If this interview question sounds intimidating, then you have it all wrong.
Being asked what is the most difficult decision you have made in the last two years is an absolute gold mine!
This is your opportunity to showcase how amazing you are at critical thinking, problem-solving, and making a positive impact.
Reasons Behind the Question
There are a few ways the hiring manager might phrase this question, including:
- “What are some difficult choices you have to make in your position?”
- “Have you ever needed to make a very difficult decision at work?”
- “In your position, what is the most difficult decision you remember making?”
Regardless of the wording, there is one simple thing the hiring manager wants to find out …
Can you handle the pressure of making a difficult work decision?
So, use this interview question as an opportunity to demonstrate your ability to operate smoothly even in difficult situations.
Things to Remember
1. Keep it work-related
If you had an extremely difficult decision to make recently that had to do with family or friends, keep it to yourself. (Even if that is “the most difficult decision” you have made.)
It is better to move on to the second or third most difficult decision as long as it relates to work.
Remember, this is a work interview.
It stands to reason that your response should involve the workplace.
2. Provide an example that results in something positive
You want to showcase your critical thinking and problem-solving skills.
If you give an example with a negative ending, that will probably reflect poorly on these skills.
Perhaps you made a reasonable and logical decision.
However, for reasons outside your control, it went south.
Even if it was not your fault that things didn’t work out, don’t share this story.
Choose one that had a happy ending.
If possible, add specific details or statistics to prove it was a good decision.
3. Showcase your skills
The entire purpose of this question is for the interviewer to learn about your thinking process behind making decisions.
- Are you someone who doesn’t think things through?
- Do you just “wing it” and get lucky?
- Are you the type of person who has a rhyme or reason for the things you do?
For the sake of the interview, at least pretend that you put some thought into your decision. (For the sake of the job itself, let’s hope it’s not just pretending.)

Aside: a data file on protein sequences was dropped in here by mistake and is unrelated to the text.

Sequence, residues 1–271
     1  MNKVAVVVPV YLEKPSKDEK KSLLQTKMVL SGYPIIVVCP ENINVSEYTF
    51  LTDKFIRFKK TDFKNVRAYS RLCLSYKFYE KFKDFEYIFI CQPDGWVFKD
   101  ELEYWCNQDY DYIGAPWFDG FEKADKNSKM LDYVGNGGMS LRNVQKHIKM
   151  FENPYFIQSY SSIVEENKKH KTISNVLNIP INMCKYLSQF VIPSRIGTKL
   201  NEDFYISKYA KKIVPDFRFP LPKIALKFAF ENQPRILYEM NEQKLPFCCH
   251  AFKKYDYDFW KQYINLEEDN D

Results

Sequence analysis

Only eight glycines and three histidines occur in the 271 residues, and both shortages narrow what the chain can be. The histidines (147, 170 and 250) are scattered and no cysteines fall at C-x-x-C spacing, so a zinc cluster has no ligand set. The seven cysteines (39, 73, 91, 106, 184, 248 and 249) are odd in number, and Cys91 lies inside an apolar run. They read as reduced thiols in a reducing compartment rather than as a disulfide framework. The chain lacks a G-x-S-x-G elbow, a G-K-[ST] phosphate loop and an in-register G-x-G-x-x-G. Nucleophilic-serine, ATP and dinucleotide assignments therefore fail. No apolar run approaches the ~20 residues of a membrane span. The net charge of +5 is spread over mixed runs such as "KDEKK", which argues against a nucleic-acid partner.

(For more interview tips, check out the 50 Top Job Interview Questions And Answers.)
Responses to Avoid
Naturally, there are certain responses you would want to avoid.
1. Avoid sounding unconcerned or harsh.
This particularly applies to difficult decisions involving other employees.
You want to come across as sympathetic and involved, especially if you will be responsible for managing or supervising others in the prospective position.
2. Avoid responses that make you seem uncertain.
No one will ever be 100% confident of a decision they are making at the time.
But this doesn’t mean you need to share that same sense of uncertainty or indecisiveness during the interview.
Even if you had a hard time making the decision, convey confidence in your answer.
You want to assure the hiring manager that you are capable of making tough decisions.
Practice Your Response
Before you go into your interview, take some time to think through this question and come up with an answer.
What is the most difficult decision you have made in the last two years?
If you don’t know of any, start putting some thought into this.
- Reflect on some hard decisions you have made in the workplace.
- Pick the decision that will do the best job of showcasing relevant skills.
- This is regardless of whether it was actually the most difficult decision you have made.
- Prepare your response with wording the reflects confidence and professionalism.
By spending a little time in preparation, you can be a step ahead of the other candidates by crafting a powerful response to this interview question.
To help you get started, here are a few categories of difficult decisions that those in management positions might need to make:
- Choosing whom to promote among several good employees
- Deciding where to cut expenses to maintain a company budget
- Decisions regarding layoffs during a company downturn
- Deciding if and when to fire an employee who is not working as they should
- Choosing whom to hire among a number of decent candidates
Clearly, some of these are very difficult decisions to make.
As such, use wording that ensures you come across as professional and positive.
For example, if you share an example in which you needed to make some difficult budget cuts, stress how you did so in a professional manner.
Also, indicate the positive results of that decision.
Here is a slightly tweaked example from LiveCareer
“Two years ago I was offered the opportunity to move up within my company. The promotion would have included a pay raise, better benefits, and a more prestigious title in another department.
However, I was at a critical point in time with several projects and was concerned that moving at that time might jeopardize progress and create negative consequences for employees I supervised.
I expressed gratitude to my superiors for the opportunity and discussed my concerns. We came to an agreement that it was best for the company that I remain in my current role for the time being, with the possibility of accepting the promotion at a later time.”
The above response demonstrates positive leadership characteristics.
The applicant shows …
- A sense of responsibility
- Concern for employees
- Teamworking, by counseling with others
- Gratitude for the opportunity
If you can demonstrate great qualities such as these when crafting your response, you’ll be sure to excel in your interview!
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